California Gov. Newsom vetoes public safe drug-use clinics as overdoses surge
Gov. Gavin Newsom vetoed a measure late Monday that would have allowed creation of safe drug-consumption sites in three major California cities as part of an effort to cut the surging number of fatal overdoses.
In a public message explaining his veto, Newsom, a Democrat, suggested the clinics might actually encourage illegal drug use.
"Worsening drug consumption challenges ... is not a risk we can take," Newsom wrote.
He called for state and local officials to convene a new discussion of safe drug-use sites aimed at creating a "truly limited" pilot program.
The veto enraged drug policy reform advocates, who noted that Newsom has voiced support for safe drug-consumption sites in the past.
Critics also note the measure passed California's Democrat-controlled state legislature in early August after nearly two years of debate.
During that time, Newsom raised no public objections to the bill.
"We don't need a working group or additional dialogue or study when it comes to safe consumption sites," said Democratic state Sen. Scott Wiener, the bill's primary sponsor, who represents San Francisco, where one of the clinics would have been located.
"We have decades of data and experience. We know how to stop people from dying, and yet we just haven't had the political will," Wiener said.
The bill would have allowed Oakland, Los Angeles, and San Francisco to develop safe-use clinics in a pilot program that would have operated during the next five years. It would have been by far the largest overdose reduction effort of its kind in the United States.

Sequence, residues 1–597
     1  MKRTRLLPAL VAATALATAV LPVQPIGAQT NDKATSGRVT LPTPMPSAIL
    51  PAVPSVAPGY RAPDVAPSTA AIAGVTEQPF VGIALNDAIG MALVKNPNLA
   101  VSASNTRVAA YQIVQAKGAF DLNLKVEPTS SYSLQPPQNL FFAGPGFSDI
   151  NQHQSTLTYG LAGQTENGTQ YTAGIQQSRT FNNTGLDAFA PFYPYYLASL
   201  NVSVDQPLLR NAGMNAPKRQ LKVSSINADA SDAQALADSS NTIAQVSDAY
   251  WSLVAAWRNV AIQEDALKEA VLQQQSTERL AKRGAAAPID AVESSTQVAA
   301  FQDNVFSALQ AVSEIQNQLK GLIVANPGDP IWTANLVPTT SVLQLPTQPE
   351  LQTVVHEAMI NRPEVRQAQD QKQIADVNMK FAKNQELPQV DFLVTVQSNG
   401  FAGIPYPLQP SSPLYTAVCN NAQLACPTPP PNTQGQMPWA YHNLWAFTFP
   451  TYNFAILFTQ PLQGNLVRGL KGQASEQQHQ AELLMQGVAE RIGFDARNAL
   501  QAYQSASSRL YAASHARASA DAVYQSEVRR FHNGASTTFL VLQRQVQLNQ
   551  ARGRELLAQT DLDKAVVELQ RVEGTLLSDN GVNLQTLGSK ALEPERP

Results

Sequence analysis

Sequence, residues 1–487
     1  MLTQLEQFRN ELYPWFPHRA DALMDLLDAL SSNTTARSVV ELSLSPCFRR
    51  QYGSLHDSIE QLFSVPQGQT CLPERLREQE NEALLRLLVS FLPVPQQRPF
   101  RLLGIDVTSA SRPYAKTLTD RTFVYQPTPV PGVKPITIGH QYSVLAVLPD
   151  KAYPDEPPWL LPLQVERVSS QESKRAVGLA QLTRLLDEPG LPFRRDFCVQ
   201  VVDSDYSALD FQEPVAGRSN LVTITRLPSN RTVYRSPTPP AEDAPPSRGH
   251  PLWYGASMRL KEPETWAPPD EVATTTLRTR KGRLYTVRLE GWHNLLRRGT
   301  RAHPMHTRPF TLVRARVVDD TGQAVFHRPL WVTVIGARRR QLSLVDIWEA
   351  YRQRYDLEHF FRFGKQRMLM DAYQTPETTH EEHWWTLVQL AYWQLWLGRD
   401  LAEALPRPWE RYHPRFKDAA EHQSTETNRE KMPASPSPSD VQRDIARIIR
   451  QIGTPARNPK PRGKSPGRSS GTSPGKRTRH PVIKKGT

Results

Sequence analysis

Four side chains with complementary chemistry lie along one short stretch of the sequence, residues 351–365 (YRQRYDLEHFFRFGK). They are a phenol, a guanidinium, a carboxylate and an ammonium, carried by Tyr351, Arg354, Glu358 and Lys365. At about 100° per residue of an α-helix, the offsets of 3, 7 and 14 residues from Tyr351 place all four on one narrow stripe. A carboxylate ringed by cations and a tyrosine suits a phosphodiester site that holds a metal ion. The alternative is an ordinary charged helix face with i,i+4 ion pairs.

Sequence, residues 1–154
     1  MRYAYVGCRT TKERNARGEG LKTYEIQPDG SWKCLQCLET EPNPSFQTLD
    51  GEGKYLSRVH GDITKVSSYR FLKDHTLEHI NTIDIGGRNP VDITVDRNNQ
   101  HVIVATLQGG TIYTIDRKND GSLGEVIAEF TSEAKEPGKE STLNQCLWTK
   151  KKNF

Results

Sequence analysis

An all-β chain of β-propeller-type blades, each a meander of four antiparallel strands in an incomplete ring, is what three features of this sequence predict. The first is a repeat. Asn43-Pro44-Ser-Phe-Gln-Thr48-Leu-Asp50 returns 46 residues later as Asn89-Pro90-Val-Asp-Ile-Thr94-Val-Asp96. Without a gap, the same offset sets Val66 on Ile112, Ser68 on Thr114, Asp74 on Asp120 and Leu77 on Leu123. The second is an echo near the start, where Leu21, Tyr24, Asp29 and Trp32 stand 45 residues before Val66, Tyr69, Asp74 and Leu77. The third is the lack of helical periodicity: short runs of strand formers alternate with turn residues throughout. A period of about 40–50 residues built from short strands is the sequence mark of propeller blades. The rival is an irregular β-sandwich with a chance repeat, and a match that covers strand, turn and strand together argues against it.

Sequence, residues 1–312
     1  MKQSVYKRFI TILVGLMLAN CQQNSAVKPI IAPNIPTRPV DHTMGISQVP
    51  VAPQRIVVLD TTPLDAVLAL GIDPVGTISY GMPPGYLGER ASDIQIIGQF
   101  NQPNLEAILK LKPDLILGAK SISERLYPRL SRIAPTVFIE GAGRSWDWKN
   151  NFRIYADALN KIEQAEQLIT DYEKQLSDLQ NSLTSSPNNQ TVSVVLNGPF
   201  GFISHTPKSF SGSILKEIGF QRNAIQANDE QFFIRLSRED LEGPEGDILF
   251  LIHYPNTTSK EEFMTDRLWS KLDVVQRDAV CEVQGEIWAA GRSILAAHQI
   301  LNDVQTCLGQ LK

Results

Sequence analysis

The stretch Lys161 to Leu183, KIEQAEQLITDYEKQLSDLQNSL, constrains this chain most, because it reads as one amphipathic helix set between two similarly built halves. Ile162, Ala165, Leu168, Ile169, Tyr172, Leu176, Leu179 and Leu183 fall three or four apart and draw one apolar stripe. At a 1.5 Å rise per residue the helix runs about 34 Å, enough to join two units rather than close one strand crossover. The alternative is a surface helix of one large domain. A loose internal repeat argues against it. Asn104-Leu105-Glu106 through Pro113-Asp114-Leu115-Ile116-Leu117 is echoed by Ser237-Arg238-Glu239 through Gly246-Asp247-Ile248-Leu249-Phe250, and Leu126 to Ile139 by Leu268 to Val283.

"It's a daily tragedy," Wiener said. "Each and every person who dies of a drug overdose is a human being ... who had a life at one point and we are abandoning them."
Jeannette Zanipatin with the Drug Policy Alliance said there's no evidence overdose-reduction programs like the ones proposed in California increase drug use.
"For folks to continue talking about this as a way to enable substance users, to open a drug den, just really fails to recognize the dignity that substance users and this community really need," Zanipatin said.
Nationwide, roughly 109,000 people are dying every year from drug overdoses, according to the Centers for Disease Control and Prevention.
Advocates hoped the California program would help shift the national conversation away from drug criminalization toward improved medical care with access to doctors, nurses and treatment.
Similar programs have operated for decades in a handful of other countries, including Canada. Two safe drug-consumption sites are operating in New York City, without state or federal authorization.
Some local officials have suggested cities in California move forward to establish drug-injection clinics without state approval, but such a move would come with real legal risks.
One question nationally is how the federal government will respond to programs of this kind.
Street drugs remain illegal under federal law, but the Justice Department is negotiating with a group that hopes to open a safe-use clinic in Philadelphia.
If some kind of deal is reached there, that could be a game-changer.
Meanwhile, Wiener said California's statewide initiative is dead after Newsom's veto.
"I won't put my colleagues through that again," he said.
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